A taxing, but potentially hopeful decision
Today’s 5-4 Supreme Court decision upholding the individual health insurance mandate is an extremely frustrating result for those of us who argued that the mandate is unconstitutional. One might even call it taxing. The plaintiffs came about as close as one can to winning a major constitutional case without actually winning it. It is the legal equivalent of losing the World Series after leading in the bottom of the ninth inning in the seventh game. It is not a happy day for supporters of limited government.
Yet the Court also offers us a measure of hope and vindication. A majority of the justices rejected claims that the mandate is authorized by the Commerce Clause and Necessary and Proper Clause. That has little immediate impact, but bodes well for the future. The numerous pundits who claimed that this case was a slam dunk for the federal government turned out to be spectacularly wrong. The struggle over the constitutional limits on federal power is far from over.
A Partial Victory for Federalism
Although he cast the deciding vote in favor of the mandate, Chief Justice John Roberts’ opinion actually rejected federal government’s main argument for the law: the assertion that the mandate is authorized by the Commerce Clause, which gives Congress the power to regulate ”Commerce…among the several states.” As Roberts puts it “the power to regulate commerce presupposes the existence of commercial activity to be regulated.” But, he continues, the mandate “does not regulate existing commercial activity. It instead compels individuals to become active in commerce by purchasing a product, on the ground that their failure to do so affects interstate commerce.” If Congress can “regulate individuals precisely because they are doing nothing,” it could impose pretty much any mandate of any kind. It could force people to purchase broccoli, cars, movie tickets or any other product. By endorsing this distinction between regulation of activity and inactivity, Roberts validated the main argument advanced by the mandate’s opponents.
Roberts’ opinion also has a compelling answer to the many who argued that the mandate is justified by precedents such as Wickard v. Filburn, which ruled that the Commerce Clause allows Congress to limit the amount of wheat farmers can grow on their land: “The farmer in Wickard was at least actively engaged in the production of wheat, and the Government could regulate that activity because of its effect on commerce.” By contrast, “[t]he Government’s theory here would effectively override that limitation, by establishing that individuals may be regulated under the Commerce Clause whenever enough of them are not doing something the Government would have them do.”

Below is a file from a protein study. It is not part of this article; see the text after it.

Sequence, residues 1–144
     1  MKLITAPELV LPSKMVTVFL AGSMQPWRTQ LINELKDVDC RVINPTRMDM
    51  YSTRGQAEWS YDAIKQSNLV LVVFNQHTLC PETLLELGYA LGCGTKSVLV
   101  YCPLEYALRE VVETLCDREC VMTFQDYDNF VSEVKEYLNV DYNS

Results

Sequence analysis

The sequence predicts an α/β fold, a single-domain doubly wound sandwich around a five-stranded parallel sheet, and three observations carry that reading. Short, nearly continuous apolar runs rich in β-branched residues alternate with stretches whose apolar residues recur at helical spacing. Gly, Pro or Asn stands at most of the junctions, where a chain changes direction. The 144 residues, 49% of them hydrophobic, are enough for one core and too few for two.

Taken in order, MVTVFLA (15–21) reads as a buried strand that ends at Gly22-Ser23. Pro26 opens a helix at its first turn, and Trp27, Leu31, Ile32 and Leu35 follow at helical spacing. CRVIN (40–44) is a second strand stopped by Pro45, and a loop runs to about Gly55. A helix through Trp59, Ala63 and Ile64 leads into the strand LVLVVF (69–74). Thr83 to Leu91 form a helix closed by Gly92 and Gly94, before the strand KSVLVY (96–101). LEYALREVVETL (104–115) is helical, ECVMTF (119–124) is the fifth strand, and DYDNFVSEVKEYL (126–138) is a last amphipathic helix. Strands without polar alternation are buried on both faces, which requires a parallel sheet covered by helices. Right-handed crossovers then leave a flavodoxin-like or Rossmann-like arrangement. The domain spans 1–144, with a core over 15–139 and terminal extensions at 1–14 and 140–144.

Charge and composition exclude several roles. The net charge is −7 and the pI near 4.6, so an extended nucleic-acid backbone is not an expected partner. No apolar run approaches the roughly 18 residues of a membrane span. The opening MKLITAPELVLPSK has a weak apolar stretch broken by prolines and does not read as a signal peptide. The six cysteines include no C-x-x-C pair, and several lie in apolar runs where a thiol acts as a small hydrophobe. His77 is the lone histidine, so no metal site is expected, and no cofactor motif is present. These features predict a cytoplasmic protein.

Roberts also rejected the federal government’s various arguments to the effect that this mandate is constitutional because health insurance is a special case. The government’s central “health care is special” argument was that this market is unique because it involves a product everyone uses at some point. But this analysis relies on shifting the focus from health insurance (the product actually covered by the mandate) to health care, claiming that the former is just one way to obtain the latter. But pretty much any product government might force you to buy is part of some larger market that is difficult to avoid. Not everyone purchases broccoli. But everyone does participate in the market for food. As Roberts puts it “[e]veryone will likely participate in the markets for food, clothing, transportation, shelter, or energy; that does not authorize Congress to direct them to purchase particular products in those or other markets today. The Commerce Clause is not a general license to regulate an individual from cradle to grave, simply because he will predictably engage in particular transactions.”
For similar reasons, Roberts rejected the government’s argument that the mandate is authorized by the Necessary and Proper Clause, which gives Congress the power to “make all Laws which shall be necessary and proper for carrying into Execution” other powers granted to Congress under the Constitution. Roberts recognizes that the Supreme Court has defined the term “necessary” very broadly. But even a “necessary” law may be unconstitutional if it is not also “proper.” As Roberts puts it, “Even if the individual mandate is “necessary” to the Act’s insurance reforms, such an expansion of federal power is not a “proper” means for making those reforms effective.” In this case, Roberts contends that the law is improper because, under the government’s logic, Congress would “[n]o longer… be limited to regulating under the Commerce Clause those who by some preexisting activity bring themselves within the sphere of federal regulation.” The individual mandate, he explains, “vests Congress with the extraordinary ability to create the necessary predicate to the exercise of an enumerated power.”